Not a Rookie: Felipe Paulino
Houston Astros sophomore pitcher Felipe Paulino was used as a starter and reliever last year by the Astros, with very mixed results. What was he like as a prospect? Can Houston (and fantasy owners) expect to get more out of him in the future?
Paulino was signed by the Astros in 2001, out of the Dominican Republic. He made his North American debut in 2003, pitching 25.2 innings for Martinsville in the Appalachian League, posting a 5.61 ERA with a 27/19 K/BB in 26 innings. He drew notice for a fastball clocked as high as 98 MPH, but his breaking ball and changeup were weak, and he had significant command problems. I gave him a Grade C in my 2004 book, writing him up as a prospect because of his velocity, but cautioning against excess expectations given his rawness.
Paulino returned to the Appalachian League in 2004, making 10 starts for Greeneville but posting ugly numbers: 7.59 ERA, 37/22 K/BB in 32 innings, 30 hits allowed. The scouting reports were the same: great arm, but no idea how to pitch and no progress made despite repeating a level. I gave him another Grade C and did not put him in the 2005 book for space reasons.
Things began to change in 2005. Paulino began the season at Tri-City in the New York-Penn League, posting a 3.82 ERA with a 34/11 K/BB in 31 innings, allowing 21 hits. Promoted to full-season Class A Lexington in August, he pitched well in seven games (five starts), posting a 1.85 ERA with a 30/6 K/BB in 24 innings. Scouts reported greatly improved control, his fastball working at a consistent 95-97 MPH with peaks at 100 MPH. His curveball improved from poor to mediocre, but he didn't make much progress with his changeup. Nevertheless, the sharpening of his command was obvious. I gave him a Grade C+ in the 2006 book, noting that he could "turn into anything between Octavio Dotel, Ramon Ortiz, and innumerable Class A burnouts."
Moved up to Salem in the Carolina League for '06, Paulino had an okay season, going 9-7, 4.35 with a 91/59 K/BB in 126 innings, allowing 119 hits. He still hit 100 MPH a few times, though his working velocity dipped a tad to "just" 93-96 MPH. Scouts reported improvement with his curveball, though this didn't really show up in the numbers, and his command remained an issue due to problems with his release point. I kept him with a Grade C+ in the 2007 book, noting that he was still more thrower than pitcher and that he might fit better in the bullpen than in the rotation.
Assigned to Double-A Corpus Christi for 2007, Paulino made significant progress, improving his curveball to a plus pitch. Even his changeup had some good moments, though this remained a work-in-progress. His fastball dropped a hair more to 92-94 MPH working velocity, but his command of the pitch was better thanks to improved mechanics, and he still touched 100 on good days. He posted a 3.62 ERA with a 110/49 K/BB in 112 innings, 103 hits allowed, showing improved command and a better strikeout rate. He got into 19 innings in a major league trial and got knocked around some (7.11 ERA, 11/7 K/BB, 22 hits allowed), but overall it was a very successful season. I raised his rating to a Grade B in the 2008 book, though I still wondered if he was a starter or reliever in the long run.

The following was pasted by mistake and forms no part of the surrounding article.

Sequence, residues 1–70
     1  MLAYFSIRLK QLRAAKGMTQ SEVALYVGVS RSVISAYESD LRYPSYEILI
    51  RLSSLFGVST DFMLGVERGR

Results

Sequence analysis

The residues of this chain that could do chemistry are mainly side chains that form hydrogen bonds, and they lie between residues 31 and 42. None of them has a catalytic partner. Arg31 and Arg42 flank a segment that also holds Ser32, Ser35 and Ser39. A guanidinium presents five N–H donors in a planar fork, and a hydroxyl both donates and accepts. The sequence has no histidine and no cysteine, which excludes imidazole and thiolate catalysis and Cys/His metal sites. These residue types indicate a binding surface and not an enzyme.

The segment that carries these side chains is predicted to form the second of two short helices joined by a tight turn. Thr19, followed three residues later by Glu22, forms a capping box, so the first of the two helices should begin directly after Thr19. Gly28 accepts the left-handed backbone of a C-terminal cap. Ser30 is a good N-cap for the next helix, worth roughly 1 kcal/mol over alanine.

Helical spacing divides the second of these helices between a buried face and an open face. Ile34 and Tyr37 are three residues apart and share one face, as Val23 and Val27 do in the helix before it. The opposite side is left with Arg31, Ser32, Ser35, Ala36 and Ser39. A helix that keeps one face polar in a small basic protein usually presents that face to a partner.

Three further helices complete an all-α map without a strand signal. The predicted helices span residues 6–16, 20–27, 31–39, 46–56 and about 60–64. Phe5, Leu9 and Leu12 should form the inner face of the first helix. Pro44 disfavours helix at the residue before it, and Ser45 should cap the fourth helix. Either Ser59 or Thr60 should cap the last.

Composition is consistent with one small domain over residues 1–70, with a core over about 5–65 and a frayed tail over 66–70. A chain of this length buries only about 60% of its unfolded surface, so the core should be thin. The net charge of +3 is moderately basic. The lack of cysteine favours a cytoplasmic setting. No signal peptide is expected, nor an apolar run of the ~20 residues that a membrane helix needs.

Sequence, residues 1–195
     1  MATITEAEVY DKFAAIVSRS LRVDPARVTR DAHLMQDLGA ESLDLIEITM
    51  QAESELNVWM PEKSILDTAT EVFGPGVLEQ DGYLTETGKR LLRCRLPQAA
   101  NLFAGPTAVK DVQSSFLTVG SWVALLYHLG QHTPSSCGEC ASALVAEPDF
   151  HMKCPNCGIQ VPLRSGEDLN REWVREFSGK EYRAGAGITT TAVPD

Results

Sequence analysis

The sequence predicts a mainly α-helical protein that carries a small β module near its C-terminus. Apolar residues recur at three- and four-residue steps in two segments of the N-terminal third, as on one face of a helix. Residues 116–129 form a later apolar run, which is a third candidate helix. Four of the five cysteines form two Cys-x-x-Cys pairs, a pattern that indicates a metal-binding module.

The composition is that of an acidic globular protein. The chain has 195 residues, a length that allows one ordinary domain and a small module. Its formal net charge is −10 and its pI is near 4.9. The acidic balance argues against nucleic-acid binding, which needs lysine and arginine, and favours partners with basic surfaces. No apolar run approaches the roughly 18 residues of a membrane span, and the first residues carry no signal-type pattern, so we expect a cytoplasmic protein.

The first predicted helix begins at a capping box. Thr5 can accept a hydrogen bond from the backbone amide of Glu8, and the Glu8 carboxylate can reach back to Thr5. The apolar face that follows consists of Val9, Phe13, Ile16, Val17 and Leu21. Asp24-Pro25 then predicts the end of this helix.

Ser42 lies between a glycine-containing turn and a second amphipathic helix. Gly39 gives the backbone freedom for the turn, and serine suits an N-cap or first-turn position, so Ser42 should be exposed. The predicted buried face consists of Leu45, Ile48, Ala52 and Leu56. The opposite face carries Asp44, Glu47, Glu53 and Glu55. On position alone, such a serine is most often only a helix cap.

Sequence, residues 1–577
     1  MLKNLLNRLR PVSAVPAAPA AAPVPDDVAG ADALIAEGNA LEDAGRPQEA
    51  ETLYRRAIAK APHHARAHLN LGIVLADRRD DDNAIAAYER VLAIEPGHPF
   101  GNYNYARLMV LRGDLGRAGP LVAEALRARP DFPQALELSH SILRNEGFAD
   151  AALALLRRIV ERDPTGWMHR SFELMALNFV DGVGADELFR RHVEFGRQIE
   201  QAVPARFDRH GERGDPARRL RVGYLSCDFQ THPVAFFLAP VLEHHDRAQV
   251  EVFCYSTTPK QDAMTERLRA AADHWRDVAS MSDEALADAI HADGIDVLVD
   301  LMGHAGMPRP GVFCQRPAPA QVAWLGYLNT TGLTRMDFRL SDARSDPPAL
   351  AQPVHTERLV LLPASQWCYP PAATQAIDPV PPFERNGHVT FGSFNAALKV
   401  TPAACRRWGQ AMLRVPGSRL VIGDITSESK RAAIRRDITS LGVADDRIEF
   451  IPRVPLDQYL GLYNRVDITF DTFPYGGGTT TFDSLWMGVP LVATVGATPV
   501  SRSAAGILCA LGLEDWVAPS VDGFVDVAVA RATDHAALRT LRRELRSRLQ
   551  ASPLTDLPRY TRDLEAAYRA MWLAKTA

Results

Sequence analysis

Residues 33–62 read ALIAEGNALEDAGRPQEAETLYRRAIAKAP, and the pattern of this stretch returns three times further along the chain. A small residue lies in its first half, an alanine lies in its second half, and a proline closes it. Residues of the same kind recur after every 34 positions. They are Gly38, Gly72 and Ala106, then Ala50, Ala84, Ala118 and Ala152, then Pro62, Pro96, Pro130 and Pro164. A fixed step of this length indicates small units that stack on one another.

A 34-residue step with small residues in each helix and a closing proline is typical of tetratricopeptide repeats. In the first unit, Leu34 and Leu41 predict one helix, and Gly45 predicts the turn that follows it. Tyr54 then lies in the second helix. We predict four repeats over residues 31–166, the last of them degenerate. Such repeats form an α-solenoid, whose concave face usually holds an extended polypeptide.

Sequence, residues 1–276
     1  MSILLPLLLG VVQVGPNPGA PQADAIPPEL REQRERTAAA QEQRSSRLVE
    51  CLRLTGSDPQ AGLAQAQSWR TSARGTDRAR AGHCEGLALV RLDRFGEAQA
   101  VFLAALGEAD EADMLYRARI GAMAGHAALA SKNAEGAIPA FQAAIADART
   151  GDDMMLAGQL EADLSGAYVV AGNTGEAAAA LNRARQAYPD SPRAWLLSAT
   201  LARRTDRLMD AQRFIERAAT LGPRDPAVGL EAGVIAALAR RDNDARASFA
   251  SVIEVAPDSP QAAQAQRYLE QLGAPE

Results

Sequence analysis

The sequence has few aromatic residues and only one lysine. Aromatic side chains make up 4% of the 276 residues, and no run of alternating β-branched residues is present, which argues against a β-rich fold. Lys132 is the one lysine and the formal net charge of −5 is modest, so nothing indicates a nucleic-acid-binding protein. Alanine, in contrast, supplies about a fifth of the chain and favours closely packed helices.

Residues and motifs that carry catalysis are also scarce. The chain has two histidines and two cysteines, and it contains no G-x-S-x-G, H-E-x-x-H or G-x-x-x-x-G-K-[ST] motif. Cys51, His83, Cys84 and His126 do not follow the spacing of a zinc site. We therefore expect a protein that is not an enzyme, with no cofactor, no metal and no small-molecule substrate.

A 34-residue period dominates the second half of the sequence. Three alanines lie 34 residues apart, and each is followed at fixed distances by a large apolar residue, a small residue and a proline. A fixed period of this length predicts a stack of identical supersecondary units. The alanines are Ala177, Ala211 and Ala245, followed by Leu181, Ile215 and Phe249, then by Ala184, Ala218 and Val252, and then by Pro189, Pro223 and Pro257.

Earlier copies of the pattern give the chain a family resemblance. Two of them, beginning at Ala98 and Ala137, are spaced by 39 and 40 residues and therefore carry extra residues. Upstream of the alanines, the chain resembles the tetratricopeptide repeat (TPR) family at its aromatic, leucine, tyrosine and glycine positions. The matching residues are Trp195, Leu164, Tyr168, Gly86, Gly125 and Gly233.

Unfortunately 2008 was a lost season: he got just two-thirds of an inning of work at Triple-A Round Rock, missing the rest of the campaign with a pinched nerve in his shoulder. Surgery was avoided, but heading into 2009 no one was exactly sure what would happen with Paulino. I moved his rating back down to a Grade C+ in the '09 book as a result of the injury uncertainty.
Aside from seven starts in Triple-A (3.12 ERA, 29/23 K/BB in 35 innings), Paulino spent most of '09 with the major league team, producing some ugly rookie numbers on the surface: 3-11 record, 6.27 ERA, 93/37 K/BB in 98 innings, 126 hits, 1.67 WHIP.
On the other hand, his FIP was much better than his ERA at 5.11; 5.11 is hardly good, but it indicates that he didn't pitch as badly as the raw numbers indicate on the surface. His tERA was even better at 4.63. Fangraphs indicates consistent 95-97 MPH velocity on his fastball, so the heat he showed in the minors is still there despite the injury issue. Indeed, Paulino's contact% was the second-best among all starting pitchers in baseball last year at 71.8% (see this Fangraphs piece). He pitched more effectively in the second half last year (5.27 ERA with a 42/17 K/BB in 43 innings after the All-Star Break.
Remember that Paulino missed all of '08 with injuries, and should probably have spent most of last year in Triple-A working the rust off. He still has some work to do with his command, and he needs to watch his weight. but there are hints in the numbers that Paulino could take a step forward in 2010. Keep a close eye on him.